Bless me, Father, for I have changed my algo

Managing algorithmic trading will become more difficult in the future. Regulators have already suggested in recent drafts of MiFID II and the German HFT Act that algos need to be registered/earmarked and their functionality reported to the competent authority if requested. The European Parliament (EP) takes the requirement a step further in its draft in Article 10a in MAR. Here,... Read More

Pick a model, any model

Anyone reading the recent Presidency compromise MiFIR texts (published 4th and 13th February) can see that the subject of European Consolidated Tape (ECT) features again. The Council is now opting for appointment of one entity to collect trade reports and consolidate the data into a tape. Sound familiar? Dipping into the Regulation Matters Back catalogue I fished out the 3 operating... Read More

Is FTT heading for Wall Street?

Over the past few months, many in the US trading community have been quietly mobilizing against European Financial Transaction Taxes being collected within US borders. The voice of opposition grew louder yesterday with the Security Traders Organization (STA) calling on market participants to take action by communicating to their elected representatives their “strong opposition”... Read More

La bozza del decreto

Italy’s Ministry of Economy and Finance published a draft of the decree for the Italian Financial Transaction Tax (FTT) just after the 31st January deadline imposed by the law (for an English translation visit our Raw material section). The decree sheds light on most of the dark corners left by the bill, detailing how charges are to be calculated, who is responsible for their... Read More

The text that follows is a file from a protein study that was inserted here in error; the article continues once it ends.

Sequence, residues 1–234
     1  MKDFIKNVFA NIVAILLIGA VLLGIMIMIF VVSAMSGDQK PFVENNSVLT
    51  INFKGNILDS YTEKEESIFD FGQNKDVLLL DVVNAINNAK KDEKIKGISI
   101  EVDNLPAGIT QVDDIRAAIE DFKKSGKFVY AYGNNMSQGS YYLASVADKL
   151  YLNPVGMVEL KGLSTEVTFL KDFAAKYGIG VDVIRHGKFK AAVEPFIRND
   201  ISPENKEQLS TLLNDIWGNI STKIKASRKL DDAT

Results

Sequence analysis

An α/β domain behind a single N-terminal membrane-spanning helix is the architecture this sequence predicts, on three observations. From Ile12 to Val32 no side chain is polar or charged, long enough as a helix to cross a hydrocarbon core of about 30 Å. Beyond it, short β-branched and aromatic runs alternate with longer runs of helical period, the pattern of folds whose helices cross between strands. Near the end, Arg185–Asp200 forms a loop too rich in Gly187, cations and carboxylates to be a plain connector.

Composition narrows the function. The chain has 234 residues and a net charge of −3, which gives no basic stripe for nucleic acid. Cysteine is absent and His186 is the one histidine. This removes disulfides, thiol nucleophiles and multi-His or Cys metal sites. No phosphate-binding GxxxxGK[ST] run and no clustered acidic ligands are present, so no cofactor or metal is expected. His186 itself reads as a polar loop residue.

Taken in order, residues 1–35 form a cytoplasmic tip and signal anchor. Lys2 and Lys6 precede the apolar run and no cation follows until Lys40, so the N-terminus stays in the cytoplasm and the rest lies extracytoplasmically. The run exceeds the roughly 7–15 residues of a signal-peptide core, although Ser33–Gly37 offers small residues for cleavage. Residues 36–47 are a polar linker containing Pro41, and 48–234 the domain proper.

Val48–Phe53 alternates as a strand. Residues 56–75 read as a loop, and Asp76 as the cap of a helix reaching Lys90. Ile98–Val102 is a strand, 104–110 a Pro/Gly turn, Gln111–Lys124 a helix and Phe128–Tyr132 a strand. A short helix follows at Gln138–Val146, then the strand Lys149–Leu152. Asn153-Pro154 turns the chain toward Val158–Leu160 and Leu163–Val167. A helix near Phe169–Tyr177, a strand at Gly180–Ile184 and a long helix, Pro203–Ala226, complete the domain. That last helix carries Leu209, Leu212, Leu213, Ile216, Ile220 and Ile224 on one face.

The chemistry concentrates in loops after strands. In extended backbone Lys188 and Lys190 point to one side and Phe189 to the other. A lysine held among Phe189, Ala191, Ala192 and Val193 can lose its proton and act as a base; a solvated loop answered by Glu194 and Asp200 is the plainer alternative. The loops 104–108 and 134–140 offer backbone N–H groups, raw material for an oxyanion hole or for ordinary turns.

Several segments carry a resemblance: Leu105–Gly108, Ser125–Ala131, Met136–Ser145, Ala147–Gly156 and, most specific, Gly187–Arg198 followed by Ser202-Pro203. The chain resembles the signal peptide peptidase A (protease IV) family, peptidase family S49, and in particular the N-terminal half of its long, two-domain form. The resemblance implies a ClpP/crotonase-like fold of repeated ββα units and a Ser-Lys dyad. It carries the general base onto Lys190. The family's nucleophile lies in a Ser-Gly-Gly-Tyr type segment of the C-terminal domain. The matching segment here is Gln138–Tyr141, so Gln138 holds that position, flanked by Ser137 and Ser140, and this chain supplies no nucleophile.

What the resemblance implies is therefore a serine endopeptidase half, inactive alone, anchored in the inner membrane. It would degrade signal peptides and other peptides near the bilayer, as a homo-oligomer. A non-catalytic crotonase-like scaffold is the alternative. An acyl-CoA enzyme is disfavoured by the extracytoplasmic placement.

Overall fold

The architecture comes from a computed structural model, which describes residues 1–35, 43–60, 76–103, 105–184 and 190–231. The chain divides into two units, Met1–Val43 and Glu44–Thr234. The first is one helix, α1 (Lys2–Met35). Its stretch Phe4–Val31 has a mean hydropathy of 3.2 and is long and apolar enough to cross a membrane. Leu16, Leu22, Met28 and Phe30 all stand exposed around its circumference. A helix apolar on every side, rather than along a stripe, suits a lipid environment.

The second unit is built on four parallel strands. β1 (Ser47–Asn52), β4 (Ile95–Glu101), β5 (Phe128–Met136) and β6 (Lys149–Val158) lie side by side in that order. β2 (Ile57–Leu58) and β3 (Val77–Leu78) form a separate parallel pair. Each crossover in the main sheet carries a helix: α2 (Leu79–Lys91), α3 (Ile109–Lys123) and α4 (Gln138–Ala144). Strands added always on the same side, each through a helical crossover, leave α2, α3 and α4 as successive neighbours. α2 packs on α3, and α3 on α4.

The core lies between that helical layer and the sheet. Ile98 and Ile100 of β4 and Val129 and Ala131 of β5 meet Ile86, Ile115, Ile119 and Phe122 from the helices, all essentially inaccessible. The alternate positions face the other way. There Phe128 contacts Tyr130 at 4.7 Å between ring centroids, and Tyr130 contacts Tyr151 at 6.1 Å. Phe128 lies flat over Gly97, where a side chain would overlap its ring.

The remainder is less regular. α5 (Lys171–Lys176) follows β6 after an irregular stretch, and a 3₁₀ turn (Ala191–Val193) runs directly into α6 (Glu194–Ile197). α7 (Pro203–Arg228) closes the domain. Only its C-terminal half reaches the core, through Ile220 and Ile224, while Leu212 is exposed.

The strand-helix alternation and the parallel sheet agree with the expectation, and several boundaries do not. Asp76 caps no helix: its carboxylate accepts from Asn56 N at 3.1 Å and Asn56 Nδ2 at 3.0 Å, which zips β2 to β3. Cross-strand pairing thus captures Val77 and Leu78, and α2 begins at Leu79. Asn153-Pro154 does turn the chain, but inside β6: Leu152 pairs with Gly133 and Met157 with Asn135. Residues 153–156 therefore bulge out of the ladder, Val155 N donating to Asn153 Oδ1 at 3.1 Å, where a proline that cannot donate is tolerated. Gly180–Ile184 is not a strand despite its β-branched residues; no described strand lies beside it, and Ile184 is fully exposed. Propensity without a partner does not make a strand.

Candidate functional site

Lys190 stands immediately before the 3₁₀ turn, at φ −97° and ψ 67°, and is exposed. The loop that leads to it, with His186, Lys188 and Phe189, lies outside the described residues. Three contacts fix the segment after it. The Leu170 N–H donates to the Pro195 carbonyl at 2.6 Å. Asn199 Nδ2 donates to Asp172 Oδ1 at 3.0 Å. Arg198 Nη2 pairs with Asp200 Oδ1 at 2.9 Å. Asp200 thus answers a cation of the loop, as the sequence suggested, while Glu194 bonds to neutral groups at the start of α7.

Coming soon – UK regulation with a whole new cast!

The number of mega blockbusters on the regulatory agenda this year would warrant their own awards ceremony. Whether it’s drama or comedy you’re after, there is certainly a regulation to suit every taste. One of my picks is the new UK regulatory structure epic Journey to the FCA (FSA, October 2012). Born out of the UK Financial Services Bill, the FSA will evolve into a new regulatory... Read More

Better consult…

Drafting new legislation is difficult and consulting the industry beforehand is sensible. Granted, where financial transaction taxes (FTT) are concerned this is tricky because no practitioner has anything good to say about it. However, beyond the mere purpose of FTT, the operational implementation is at least equally important. The current Italian FTT law has a number of issues... Read More

Dude, where is my level playing field?

At the heart of the European Union is the concept of a single market with a level playing field. Markets moving together, where trade and competition create benefits for everyone. Back in 2007, MiFID was a true testament to this when it introduced the idea of passporting regulatory oversight across Europe. Reading the latest regulatory news, there’s precious little to remind... Read More

One cliff avoided, another straight ahead!

The Italian Financial Transaction Tax (IFTT) passed into law over the Christmas holidays and shocked market participants around the world. Quite apart from the increase in tax levels compared to earlier drafts, the Italian government has invented an additional HFT tax based on the value of amended or cancelled orders (click here for more details). The French markets, luckily, didn’t... Read More